People yelling "SHOOOOOOOT!" for the duration of a power play
To be perfectly honest, these people might be smarter than we give them credit for since a team's shot rate on the power play tends to be the most stable predictor of man-advantage success. Of course, that doesn't mean they aren't still annoying as hell.
Overpriced and terrible arena concessions
Paying $7 for stale nachos served with cheese that resembles a mixture of hydraulic fluid and yellow food coloring is something I can live without, thank you very much.
It's much easier to list the TV analysts covering hockey who aren't terrible than the ones who are but Mike Milbury is a particularly interesting case. He's a pretty ubiquitous presence in NHL media these days despite the fact that his playing career was completely underwhelming yet was still exponentially better than his tenure as an executive, where he left behind the legacy of possibly being the worst GM the league has ever seen. And yet his take on the game is one that needs to be shoved down our throats between periods, apparently. The worst is when he's trotted out on Hockey Night In Canada's Hotstove despite apparently having zero inside information. He also kind of looks like Jim Belushi.
Racism, sexism and homophobia
The extent to which the hockey community has embraced the You Can Play project is heartwarming but when we still have the Sedin twins referred to as "sisters" derogatorily, when racist slurs are still flung at black players by the fistful through social media, and when anti-gay language is still used liberally on the ice, in addition to the structural issues that foster a league that remains overwhelmingly white, it's clear that there's still a ways to go for the NHL to excise intolerance and adapt to the diversity of the modern world.
Watching Michal Handzus skate
Anyone who reads this blog probably knows I'm not the biggest fan of Michal Handzus. I was wary when Doug Wilson signed him to a two-year contract (with a no-move clause no less) and his performance last season cemented my opinion that adding him to the team was a mistake. Thanks to this lockout, though, the most we'll have to suffer through is 48 more games of Handzus out of position or dragging ass to exit the defensive zone.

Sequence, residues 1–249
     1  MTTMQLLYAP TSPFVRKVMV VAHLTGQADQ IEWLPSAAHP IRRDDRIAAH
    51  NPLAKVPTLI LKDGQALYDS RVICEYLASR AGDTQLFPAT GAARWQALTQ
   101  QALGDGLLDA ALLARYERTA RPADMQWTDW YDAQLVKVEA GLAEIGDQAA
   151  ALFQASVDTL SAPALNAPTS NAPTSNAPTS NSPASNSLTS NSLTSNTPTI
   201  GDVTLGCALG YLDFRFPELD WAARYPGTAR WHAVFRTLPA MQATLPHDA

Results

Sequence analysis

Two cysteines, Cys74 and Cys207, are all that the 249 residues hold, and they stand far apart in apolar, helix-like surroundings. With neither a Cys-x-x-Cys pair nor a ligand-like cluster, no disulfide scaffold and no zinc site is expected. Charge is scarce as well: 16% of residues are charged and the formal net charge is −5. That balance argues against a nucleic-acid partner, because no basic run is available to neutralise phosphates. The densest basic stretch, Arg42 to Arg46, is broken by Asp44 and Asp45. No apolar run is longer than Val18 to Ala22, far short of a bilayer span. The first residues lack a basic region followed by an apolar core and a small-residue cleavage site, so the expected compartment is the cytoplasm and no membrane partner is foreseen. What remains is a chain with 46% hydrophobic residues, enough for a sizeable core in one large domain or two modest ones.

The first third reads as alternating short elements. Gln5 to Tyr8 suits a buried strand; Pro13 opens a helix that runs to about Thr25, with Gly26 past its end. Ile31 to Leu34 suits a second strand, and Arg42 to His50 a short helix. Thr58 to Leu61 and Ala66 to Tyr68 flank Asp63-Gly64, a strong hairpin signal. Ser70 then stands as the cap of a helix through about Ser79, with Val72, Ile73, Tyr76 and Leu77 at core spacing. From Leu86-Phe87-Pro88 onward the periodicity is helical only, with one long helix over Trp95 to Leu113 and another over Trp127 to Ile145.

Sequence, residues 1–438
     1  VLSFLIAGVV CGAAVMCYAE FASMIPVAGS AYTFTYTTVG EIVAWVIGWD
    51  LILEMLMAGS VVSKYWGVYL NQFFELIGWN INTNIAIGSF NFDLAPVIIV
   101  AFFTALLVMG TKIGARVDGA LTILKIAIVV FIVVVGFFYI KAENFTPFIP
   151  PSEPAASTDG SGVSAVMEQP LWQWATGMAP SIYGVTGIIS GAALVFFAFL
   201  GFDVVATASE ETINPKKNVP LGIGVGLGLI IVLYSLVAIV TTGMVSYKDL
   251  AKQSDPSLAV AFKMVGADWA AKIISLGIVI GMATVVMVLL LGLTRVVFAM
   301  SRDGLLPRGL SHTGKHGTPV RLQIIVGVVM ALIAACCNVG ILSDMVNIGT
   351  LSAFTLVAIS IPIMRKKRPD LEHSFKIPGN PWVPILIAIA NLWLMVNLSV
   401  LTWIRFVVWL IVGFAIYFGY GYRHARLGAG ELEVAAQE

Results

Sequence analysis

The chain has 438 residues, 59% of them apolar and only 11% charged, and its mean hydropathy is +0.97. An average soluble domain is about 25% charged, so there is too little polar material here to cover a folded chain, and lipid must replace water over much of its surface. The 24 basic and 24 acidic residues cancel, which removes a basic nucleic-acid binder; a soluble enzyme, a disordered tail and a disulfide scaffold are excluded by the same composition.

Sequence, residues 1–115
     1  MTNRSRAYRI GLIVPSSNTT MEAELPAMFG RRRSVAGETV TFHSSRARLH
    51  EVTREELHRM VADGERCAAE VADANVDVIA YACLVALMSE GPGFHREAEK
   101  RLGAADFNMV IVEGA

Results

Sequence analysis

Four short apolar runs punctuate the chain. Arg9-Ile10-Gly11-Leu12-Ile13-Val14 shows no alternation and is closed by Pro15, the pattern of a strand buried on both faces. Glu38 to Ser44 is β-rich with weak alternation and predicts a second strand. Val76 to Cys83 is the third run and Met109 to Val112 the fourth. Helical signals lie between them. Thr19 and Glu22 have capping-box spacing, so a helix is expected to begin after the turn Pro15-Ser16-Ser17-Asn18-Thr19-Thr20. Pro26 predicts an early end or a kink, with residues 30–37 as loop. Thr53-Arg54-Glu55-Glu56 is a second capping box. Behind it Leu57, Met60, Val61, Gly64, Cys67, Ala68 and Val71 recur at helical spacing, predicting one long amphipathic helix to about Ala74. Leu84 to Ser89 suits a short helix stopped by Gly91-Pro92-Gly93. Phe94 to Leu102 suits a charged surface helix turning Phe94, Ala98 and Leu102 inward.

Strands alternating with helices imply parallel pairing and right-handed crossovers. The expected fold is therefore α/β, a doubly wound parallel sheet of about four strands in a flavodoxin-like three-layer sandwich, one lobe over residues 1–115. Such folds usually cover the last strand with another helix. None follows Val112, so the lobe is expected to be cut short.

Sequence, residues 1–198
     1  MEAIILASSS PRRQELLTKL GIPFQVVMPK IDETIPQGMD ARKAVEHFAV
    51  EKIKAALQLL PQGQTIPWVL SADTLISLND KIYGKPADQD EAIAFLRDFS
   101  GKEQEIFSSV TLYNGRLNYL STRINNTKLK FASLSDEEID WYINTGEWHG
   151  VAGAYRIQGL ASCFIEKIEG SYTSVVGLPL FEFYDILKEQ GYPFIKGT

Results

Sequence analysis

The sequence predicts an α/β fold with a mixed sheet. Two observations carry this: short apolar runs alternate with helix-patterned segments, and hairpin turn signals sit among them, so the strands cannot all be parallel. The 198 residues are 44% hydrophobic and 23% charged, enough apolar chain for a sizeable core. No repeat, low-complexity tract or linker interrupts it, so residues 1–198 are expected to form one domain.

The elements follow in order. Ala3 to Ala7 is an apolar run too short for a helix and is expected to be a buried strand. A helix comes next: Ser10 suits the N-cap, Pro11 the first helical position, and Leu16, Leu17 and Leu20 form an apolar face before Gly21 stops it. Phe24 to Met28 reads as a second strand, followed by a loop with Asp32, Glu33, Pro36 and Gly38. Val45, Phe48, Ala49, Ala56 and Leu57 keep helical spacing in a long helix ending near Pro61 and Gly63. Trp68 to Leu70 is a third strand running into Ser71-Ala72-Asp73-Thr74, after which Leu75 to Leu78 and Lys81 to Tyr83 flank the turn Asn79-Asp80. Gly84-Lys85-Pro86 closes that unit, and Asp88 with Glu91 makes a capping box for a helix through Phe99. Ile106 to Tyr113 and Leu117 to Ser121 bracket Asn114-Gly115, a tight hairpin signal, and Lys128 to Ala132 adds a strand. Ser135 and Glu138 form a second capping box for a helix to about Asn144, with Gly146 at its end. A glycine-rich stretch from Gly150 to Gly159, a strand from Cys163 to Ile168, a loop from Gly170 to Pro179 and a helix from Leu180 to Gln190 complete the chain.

If this labor dispute was instead between owners and referees and resulted in Bettman pulling a Roger Goodell and calling in the replacements, would anyone even notice?
Complaints about officiating
I don't mind a good conspiracy theory but when literally every fanbase across the league believes NHL officials have a personal vendetta against their team, it becomes a tad grating and ridiculous. Thanks to the lockout, those tin foil hats have now been repurposed towards figuring out how many puppies the secret cabal of rich owners (let's call them the Illuminat-eh) is going to kill next in a Satanic sacrifice to prolong the work stoppage.
Atrocious arena music
I'd rather not be bombarded with Top 40 drivel or cookie-cutter hip-hop every time I step into a hockey arena. I realize that might make me sound like some strange combination of a crotchety old grandpa and Brooklyn-dwelling hipster but my ears really don't need to be subjected to sounds as musically diverse yet uniformly awful as LMFAO and 80's cock rock in one sitting. I'm also consistently puzzled by the logic behind song selection. Do the Ducks, Islanders and Flyers realize that their goal song "Bro Hymn," aside from being terrible, is about a guy who died in a car accident and another one who drowned in a beach pier?
The league's disciplinary process
While Brendan Shanahan represented a step up from Colin Campbell as league disciplinary czar, it was much in the same way Nikita Khrushchev was a step up from Joseph Stalin—still bad, but with mercifully less genocide. Pin-the-tail-on-the-donkey style suspension sentencing still reigns supreme, while sensible disciplinary action remains the exception and not the rule.